Research Tips & Stories for Everyone
In graphic design, color is one of the most important considerations. For scientific figures, color is an important part of the data visualization to provide aid in visual clarity and effective delivery of the presented data. Also, the right use of color might be important depending on a certain data type in the paper. While the aesthetic quality of scientific figures is not a primary focus of scientific research and paper, figures with poorly selected colors can substantially harm the reader’s experience and clarity of the presented data. In this tip post, I wish to cover the basics of color in graphic design and provide several tips and resources for further in-depth learning on the use of color for data visualization.
RGB vs. CMYK
In graphic design, there are two major color models: RGB and CMYK models.
RGB stands for Red, Green, and Blue and it is majorly used for screen-based (or web-based) images. The RGB model is an additive color model based on the mixing of visual light (meaning the color becomes brighter with more mixing). Since the RGB model is based on the color space for visual light, digital images from measurement devices (e.g., camera, microscope, scanner) are also generated in the RGB color mode as the image sensor reads the intensity of red, green, and blue signals from the input.
CMYK stands for Cyan, Magenta, Yellow, and Key (black) and it is majorly used for printed images. CMYK model is a subtractive color model based on the painting of color (meaning the color becomes darker with more mixing). Since the CMYK model is based on printed/painted colors, it is the standard color model for printing-based publication including academic journals and magazines (except online-only journals).
While it is not common to distinguish RGB and CMYK color models in scientific research and figure preparation, it is often an important consideration for a certain type of image data. For example, a fluorescent microscope takes all original images in the RGB color models. However, because of the difference in RGB and CMYK color spaces, the same image becomes slightly different in color when it is being saved in the CMYK color model (which is the standard for most printed paper figures) as shown in the above image (confocal microscope images of rat tissue with green and blue fluorescent channels). Hence, it would need the care to keep the original color model for image data in analysis and use the consistent color model in figures to avoid visual confusion and/or misrepresentation of data.
Tip 1 – Use resources for in-depth learning
The use of color in data visualization is a very important technique in various research fields where the graphical representation of a large amount of data is required. Given the depth of the topic, I wish to introduce several very useful resources instead of diving too much in this tip post:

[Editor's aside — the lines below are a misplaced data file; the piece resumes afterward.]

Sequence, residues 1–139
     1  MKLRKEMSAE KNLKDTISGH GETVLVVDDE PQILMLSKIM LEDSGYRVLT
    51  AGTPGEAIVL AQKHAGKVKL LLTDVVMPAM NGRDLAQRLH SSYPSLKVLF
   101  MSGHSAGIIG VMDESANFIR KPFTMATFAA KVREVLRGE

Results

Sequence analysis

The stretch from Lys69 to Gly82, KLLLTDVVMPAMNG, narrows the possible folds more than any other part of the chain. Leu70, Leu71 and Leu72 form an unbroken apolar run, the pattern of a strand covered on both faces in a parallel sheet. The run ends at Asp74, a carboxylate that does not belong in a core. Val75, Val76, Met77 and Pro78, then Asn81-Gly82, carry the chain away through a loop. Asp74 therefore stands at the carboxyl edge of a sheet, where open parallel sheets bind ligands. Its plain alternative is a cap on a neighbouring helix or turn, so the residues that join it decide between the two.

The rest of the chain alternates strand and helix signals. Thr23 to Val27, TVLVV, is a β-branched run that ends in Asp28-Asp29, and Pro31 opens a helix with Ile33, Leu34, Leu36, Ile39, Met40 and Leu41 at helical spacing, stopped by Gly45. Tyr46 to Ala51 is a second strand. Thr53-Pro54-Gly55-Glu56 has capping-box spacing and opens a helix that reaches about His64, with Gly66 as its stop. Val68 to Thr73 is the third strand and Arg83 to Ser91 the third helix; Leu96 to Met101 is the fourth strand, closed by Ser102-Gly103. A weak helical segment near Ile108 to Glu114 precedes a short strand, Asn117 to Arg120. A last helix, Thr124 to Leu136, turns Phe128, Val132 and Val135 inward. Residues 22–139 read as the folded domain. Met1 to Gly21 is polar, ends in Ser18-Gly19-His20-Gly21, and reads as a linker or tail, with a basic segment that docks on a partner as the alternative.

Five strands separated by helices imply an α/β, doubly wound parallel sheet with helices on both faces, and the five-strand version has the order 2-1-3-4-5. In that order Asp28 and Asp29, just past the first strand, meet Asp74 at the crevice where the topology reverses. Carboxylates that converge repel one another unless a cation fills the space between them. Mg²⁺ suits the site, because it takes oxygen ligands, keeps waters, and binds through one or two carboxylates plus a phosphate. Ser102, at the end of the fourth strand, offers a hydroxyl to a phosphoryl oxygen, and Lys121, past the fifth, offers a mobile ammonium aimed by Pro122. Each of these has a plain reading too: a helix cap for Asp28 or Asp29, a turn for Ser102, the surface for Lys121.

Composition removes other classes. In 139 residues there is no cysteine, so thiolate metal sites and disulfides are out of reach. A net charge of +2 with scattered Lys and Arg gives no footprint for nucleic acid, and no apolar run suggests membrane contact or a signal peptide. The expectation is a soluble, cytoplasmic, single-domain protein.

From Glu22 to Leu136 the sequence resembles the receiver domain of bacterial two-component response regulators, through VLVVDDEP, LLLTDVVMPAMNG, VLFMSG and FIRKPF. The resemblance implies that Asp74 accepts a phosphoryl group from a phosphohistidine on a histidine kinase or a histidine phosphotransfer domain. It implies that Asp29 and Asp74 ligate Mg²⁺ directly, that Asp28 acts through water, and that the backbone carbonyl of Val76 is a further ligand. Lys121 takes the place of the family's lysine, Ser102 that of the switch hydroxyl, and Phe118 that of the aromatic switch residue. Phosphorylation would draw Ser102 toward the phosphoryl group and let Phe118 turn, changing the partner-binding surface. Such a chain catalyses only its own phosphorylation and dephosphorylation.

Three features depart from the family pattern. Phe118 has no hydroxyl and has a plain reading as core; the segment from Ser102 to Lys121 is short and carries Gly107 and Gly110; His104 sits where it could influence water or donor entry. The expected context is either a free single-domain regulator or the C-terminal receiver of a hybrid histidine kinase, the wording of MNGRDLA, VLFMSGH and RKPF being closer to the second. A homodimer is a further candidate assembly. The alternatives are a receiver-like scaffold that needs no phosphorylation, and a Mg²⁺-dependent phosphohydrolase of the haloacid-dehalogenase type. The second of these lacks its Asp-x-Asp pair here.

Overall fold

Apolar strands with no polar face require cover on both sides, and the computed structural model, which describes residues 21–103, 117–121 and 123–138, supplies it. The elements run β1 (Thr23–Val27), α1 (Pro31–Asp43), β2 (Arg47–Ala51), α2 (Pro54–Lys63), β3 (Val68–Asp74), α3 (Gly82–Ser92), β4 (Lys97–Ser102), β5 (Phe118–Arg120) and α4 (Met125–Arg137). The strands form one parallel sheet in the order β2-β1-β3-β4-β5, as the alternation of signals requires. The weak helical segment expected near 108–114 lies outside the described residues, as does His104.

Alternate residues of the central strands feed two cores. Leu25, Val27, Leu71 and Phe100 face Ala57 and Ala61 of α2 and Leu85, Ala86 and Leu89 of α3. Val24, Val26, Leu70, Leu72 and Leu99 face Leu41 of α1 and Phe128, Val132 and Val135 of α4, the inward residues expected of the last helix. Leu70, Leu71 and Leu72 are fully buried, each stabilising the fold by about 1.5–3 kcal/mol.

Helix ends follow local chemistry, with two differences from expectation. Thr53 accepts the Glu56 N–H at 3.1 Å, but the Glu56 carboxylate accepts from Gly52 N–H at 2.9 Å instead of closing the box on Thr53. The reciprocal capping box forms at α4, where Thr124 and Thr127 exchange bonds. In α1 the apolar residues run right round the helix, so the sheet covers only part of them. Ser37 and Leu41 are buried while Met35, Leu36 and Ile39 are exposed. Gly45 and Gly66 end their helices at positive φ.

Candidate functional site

Tip 2 – Make a color code for each paper
Inconsistent use of colors in figures is one of the most common sources of bad data visualization and reader experience. Hence, it is very useful to build a color code for each paper before preparing figures based on which you can ensure consistent use of colors in all figures in the paper. There is no strict rule for color codes but there are several points to consider. I also provide various example color codes with a downloadable Illustrator file below.
Various color codes (AI file)
As a more practical example, I provide the color code (with a downloadable Illustrator file) that I used for this paper.
Example color code (AI file)
Tip 3 – Use color wisely
Colors in scientific figures can be very effective tools to aid understanding and delivery of information to the readers. For example, different colors can be used to highlight an important step or part in your experiment/data as shown in the below examples. With right and smart use, colors can be one of the most effective tools in our scientific communications.
Example 1 – Highlights in chemical schemes
Example 2 – Highlights in bar graphs
Tip 4 – Be mindful of color-vision deficiency & color-blindness
The main purpose of scientific figures and colors in them is to aid communications of our scientific findings. Hence, it is important to be mindful of the inclusive use of colors for our colleagues with color-vision deficiency and color-blindness. Thankfully, this topic has been well studied with scientifically derived guidelines and suggestions to learn such as this paper (this is a must-read article!).
Disclaimer. The contents are my personal opinion and do not represent the view of any institution or company I am affiliated/employed. If you find any incorrect information, please feel free to let me know via my email.